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Program Performance Report: Second Chance Act - Reentry Court Grant Program, July 2011-March 2012

NCJ Number
Date Published
6 pages
This report provides information on data collected for the Reentry Courts Second Chance Act grantees for the period July 2011 through March 2012.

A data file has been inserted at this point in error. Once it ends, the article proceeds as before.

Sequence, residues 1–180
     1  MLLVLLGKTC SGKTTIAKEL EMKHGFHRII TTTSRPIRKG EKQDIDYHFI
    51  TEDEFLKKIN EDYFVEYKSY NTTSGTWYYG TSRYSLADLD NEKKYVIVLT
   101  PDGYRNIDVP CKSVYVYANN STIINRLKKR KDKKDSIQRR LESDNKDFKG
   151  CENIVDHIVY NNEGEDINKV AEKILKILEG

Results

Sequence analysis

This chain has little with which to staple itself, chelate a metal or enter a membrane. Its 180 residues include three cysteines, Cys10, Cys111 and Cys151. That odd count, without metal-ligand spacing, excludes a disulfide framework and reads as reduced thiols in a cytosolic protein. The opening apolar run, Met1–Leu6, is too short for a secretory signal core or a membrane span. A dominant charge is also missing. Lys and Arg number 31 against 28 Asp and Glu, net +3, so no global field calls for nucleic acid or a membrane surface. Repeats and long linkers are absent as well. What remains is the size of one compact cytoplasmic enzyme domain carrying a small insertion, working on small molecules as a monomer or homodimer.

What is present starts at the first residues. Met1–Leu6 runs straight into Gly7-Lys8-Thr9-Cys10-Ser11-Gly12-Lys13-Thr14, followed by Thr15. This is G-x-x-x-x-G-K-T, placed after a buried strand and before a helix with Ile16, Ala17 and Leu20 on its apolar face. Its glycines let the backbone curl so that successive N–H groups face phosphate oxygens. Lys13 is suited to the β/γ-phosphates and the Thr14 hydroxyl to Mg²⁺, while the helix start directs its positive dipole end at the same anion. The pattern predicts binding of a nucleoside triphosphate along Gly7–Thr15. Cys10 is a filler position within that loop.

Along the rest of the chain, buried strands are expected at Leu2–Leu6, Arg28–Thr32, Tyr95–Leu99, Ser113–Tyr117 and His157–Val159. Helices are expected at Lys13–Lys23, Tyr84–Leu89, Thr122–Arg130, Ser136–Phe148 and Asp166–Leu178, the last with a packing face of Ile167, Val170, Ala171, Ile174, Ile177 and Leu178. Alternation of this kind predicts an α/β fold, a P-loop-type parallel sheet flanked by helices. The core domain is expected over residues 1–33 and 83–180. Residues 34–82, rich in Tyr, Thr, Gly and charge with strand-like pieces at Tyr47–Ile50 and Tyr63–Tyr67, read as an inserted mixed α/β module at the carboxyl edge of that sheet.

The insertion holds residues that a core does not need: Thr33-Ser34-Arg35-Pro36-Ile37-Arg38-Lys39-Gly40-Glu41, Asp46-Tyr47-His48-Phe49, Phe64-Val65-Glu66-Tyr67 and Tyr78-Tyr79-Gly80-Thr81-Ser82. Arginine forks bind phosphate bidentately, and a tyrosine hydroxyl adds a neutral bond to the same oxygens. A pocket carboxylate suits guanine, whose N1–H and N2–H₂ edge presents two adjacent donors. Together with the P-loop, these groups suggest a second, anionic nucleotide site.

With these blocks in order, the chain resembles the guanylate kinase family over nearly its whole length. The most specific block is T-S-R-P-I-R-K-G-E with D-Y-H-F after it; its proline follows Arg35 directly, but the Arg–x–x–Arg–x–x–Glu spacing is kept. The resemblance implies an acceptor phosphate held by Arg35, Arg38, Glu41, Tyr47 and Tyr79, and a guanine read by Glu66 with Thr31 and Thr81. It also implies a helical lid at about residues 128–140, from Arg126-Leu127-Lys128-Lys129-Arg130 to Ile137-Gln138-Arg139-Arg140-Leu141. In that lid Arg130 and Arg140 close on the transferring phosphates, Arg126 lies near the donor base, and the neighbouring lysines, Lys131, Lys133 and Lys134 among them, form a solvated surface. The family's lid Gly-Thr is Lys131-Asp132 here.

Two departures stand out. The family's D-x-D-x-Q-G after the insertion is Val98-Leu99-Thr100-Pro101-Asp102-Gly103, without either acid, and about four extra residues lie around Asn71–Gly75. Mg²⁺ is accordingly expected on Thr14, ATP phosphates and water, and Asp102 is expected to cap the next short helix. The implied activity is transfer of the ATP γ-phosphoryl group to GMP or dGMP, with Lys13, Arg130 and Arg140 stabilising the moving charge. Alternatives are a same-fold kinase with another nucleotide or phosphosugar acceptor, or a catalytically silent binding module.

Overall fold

Key findings from this report on data collected by Reentry Courts Second Chance Act grantees for the period July 2011 through March 2012 include the following: on average, grantees admitted 59 percent of those deemed eligible for the reentry court program, with a total of 798 participants enrolled in the reentry court program; out of the total number of participants enrolled from January to March 2012, an average of 37 percent of participants received graduated sanctions and 65 percent received incentives with each participant appearing before a judge an average of 2 times; the average rate by grantee of moderate- and high-risk post-release participants admitted to the program was 96 percent; on average, 24 percent of participants tested positive for alcohol or drugs at intake; employment services were the most utilized service type, followed by cognitive-based and substance abuse service; and the successful completion rate for participants exiting post-release services averaged at 59 percent, an increase of 14 percent from the first quarter. This report highlights data collected from programs awarded funding in fiscal year 2011 under the Reentry Courts Second Chance Act. The goals of the Second Chance Act which was signed into law in 2007, are to use validated assessment instruments to screen and identify offenders for participation in reentry programs; implement a transition plan that includes both pre-release and post-release services for these offenders; provide treatment and other services to the offenders; support offenders with case management to monitor reintegration efforts; and reduce recidivism. The funds are provided to programs developed by States, local, and tribal governments to help them address the growing population of offenders returning to their communities. Tables and figures